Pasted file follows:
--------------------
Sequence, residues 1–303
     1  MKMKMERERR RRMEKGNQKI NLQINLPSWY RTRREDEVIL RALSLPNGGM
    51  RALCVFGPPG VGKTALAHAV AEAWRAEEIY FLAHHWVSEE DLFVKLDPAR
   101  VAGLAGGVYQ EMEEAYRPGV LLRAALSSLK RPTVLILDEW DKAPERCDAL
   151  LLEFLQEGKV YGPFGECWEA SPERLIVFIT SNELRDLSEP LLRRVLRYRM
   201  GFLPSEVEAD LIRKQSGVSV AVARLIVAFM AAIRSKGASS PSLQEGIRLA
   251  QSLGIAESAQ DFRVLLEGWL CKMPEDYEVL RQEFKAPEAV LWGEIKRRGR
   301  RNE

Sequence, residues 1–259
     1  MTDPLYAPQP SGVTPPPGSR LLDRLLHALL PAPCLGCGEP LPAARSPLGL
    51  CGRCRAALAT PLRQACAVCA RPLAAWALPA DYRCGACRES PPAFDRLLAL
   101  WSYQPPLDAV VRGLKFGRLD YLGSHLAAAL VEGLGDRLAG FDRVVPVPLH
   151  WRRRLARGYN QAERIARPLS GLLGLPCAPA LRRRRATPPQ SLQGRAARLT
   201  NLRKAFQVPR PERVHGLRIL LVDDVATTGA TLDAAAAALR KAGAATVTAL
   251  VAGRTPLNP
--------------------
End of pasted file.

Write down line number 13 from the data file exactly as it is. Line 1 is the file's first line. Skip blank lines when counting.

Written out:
   151  WRRRLARGYN QAERIARPLS GLLGLPCAPA LRRRRATPPQ SLQGRAARLT